A story that’s gone mostly unreported in the central UP for the last several months is now the subject of a federal investigation by the Inspector General of the Department of Agriculture.
Here’s the narrative: The US Forest Service brought in a new law enforcement officer to the Hiawatha National Forest last summer. His name is Louis Cote. He’s reportedly got a military background which can be helpful but apparently he’s also brought in a somewhat militaristic–some would say, belligerent–attitude with him to the job.
Complaints against him mounted through the summer and fall. Complaints about unwarranted traffic stops–for “driving over the center line of a gravel road” and for having snow on the license plate.
Complaints about unwarranted, frightening nighttime visits by the officer to check on the welfare of children.
Complaints about harassing hunters, canoers, longtime elderly residents, drivers minding their own business.
Complaints about excessive fines for minor, even nonexistent violations.
Munising mayor Rod DesJardins estimates they’ve compiled between 50 and 100 complaints against the officer, and says he’s heard at least 100 other stories of harassment.
And the harassment, the critics say, has been frequently accompanied by outright intimidation–“Hands in the air!”, handcuffs and threats.
At one point, a sign was posted in Chatham advising citizens who were pulled over by officer Cote to call the State Police or 911.
At the very least, the critics say, the officer has been overzealous in carrying out his duties. More to the point, they say, he’s scared them.
They took the matter to the City Commission and County Commission and got them on board. They took the matter to the Forest Service itself but got no action from the agency. They then went to Congressman Benishek’s office and informed him of the problem.
Now the case is before Inspector General of the US Department of Agriculture. Official word from the Forest Service and Benishek’s office is, the case is now pending. No other comments.
A word of caution here. Nothing has been proven, nothing’s gone to court. The officer may simply have been doing the job he thought he was supposed to do. But when there’s this much concern, this much fear, this much distrust between a community and a governmental officer, something needs to change.
Everybody’s favorite new Mexican restaurant, Sol Azteca, has some good news. It’s finally found and bought a liquor license.
Now it needs a final okay from a government inspector before it can start serving alcohol.
Could be in days or weeks, maybe longer, but it’s coming.
Not a day too soon according to many diners who’d like a Corona or margarita to wash down their enchiladas and tacos.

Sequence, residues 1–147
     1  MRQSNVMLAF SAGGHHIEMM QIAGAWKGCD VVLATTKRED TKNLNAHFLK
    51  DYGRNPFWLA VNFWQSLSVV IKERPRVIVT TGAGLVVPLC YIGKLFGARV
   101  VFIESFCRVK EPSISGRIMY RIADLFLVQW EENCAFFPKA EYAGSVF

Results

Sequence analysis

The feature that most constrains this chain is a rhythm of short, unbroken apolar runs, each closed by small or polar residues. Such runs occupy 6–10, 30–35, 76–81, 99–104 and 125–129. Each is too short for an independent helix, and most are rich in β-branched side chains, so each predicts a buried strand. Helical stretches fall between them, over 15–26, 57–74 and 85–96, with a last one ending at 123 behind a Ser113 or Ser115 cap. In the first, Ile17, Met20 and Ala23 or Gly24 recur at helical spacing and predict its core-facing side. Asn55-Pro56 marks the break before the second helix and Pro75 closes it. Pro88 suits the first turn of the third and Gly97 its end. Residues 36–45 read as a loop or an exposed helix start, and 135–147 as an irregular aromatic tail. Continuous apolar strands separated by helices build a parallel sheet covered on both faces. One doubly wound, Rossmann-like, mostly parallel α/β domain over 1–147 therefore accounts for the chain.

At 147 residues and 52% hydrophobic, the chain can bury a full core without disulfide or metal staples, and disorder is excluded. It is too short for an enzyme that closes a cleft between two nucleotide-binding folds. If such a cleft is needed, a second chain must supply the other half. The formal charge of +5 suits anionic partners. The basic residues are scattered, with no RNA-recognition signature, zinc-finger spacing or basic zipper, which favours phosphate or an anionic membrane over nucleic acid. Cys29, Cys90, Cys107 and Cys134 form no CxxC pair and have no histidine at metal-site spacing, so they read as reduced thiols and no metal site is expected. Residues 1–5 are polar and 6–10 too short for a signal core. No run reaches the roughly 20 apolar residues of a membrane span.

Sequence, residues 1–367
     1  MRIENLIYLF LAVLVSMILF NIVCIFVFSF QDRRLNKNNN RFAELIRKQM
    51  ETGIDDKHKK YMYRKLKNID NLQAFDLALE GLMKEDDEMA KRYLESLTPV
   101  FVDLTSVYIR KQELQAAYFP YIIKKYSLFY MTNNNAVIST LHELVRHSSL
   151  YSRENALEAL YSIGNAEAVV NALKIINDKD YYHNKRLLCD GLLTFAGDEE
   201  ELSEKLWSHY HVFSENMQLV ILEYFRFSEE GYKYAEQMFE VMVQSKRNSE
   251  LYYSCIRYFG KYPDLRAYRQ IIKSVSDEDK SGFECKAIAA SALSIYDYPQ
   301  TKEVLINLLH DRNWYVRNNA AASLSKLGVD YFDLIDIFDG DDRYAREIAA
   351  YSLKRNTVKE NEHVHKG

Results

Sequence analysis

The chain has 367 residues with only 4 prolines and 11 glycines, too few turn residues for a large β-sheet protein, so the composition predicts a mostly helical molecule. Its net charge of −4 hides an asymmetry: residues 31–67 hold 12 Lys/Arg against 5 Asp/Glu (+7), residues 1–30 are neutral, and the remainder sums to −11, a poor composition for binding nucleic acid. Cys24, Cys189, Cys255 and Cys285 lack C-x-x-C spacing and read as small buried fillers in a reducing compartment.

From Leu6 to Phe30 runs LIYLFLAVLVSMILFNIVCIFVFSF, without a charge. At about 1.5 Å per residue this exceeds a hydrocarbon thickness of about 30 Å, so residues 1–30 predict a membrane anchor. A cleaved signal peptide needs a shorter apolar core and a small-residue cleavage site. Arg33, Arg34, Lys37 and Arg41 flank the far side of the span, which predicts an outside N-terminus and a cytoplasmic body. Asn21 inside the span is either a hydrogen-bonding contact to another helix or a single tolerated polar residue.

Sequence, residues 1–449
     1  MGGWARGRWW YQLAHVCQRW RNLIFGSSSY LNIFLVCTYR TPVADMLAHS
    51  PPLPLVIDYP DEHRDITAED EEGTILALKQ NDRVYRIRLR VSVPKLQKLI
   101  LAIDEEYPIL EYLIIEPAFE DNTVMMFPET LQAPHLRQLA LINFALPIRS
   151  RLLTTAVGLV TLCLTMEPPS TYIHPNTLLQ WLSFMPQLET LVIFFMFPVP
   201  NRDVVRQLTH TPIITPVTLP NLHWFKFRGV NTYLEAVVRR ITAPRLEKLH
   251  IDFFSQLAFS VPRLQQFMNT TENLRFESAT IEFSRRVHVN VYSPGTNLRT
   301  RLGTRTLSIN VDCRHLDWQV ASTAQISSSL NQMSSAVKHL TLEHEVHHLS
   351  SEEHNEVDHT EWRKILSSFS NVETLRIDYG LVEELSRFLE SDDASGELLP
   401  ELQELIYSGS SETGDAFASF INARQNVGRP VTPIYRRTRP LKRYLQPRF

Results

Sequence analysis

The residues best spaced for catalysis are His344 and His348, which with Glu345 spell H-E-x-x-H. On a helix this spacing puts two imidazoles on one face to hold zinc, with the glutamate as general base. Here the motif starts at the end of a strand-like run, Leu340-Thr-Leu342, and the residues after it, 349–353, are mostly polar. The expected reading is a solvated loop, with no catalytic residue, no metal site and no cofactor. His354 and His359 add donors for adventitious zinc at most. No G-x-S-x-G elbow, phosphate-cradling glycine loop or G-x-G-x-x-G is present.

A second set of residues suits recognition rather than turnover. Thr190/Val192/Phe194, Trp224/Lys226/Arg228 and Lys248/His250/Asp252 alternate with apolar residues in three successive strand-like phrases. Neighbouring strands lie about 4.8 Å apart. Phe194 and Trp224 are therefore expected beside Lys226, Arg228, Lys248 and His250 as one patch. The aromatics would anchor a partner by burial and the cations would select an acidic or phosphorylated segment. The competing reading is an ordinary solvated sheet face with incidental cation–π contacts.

You gotta think it’s a relief to restaurant management, as well. It’s tough to make big money on a pricey piece of real estate when you’re charging only eight or ten dollars for lunches and dinners.
WLUC has some good-sized shoes to fill.
Tyler Czarnopis, who’s managed the station’s website for the last three years, has just accepted a new job with the Department of Natural Resources in Lansing. He’ll be the agency’s social media coordinator.
Czarnopis has overseen huge growth on the WLUC website during his tenure. Three years ago, website page views totaled 1.4 million a month. Last month the figure was four million, and just a couple of months ago, aided by all the school closures and weather alerts, the station’s website pulled in nearly eight million page views.
Huge numbers for a small market TV station.
Czarnopis leaves on May 23rd. His successor hasn’t been selected yet.
The new Thomas Theatre complex in the Township opens Friday at 2:30.
Hardly a secret but it is big news.
Fancy complex, attractive building, one huge screen–not Imax, contrary to rumors, but it is huge. Also VIP seating. Also, it seems, slightly higher prices: nine bucks for adults.
What’s playing? Godzilla, Spiderman 2, Million Dollar Arm, among others. A similar lineup to what Carmike is offering a couple of miles away.
Wonder who’s gonna get the bigger crowds this weekend?
You may not have heard about it, especially if you don’t make it to Ishpeming all that much, but there’s a gem of a store downtown.
It’s Rare Earth Goods, run by Pamela Perkins, the wife of businessman and roofer Dan Perkins.
Here’s what the store offers: arts and crafts from more than 100 local artists, wood furniture crafted by a blind carpenter, more than 60 beers, a wide array of Michigan wines, bulk foods, Dead River coffee, Guinden farm meats, specialty foods…and open mic sessions every Tuesday night.
It’s a one-of-a-kind store.
And it’s in downtown Ishpeming, which could be a problem. There’s not a ton of pedestrian traffic there, and you’ve got to wonder, is there even the demographic mix there to allow an ultra-local, offbeat business to succeed?
Let’s hope so. All towns could use a Rare Earth Goods.
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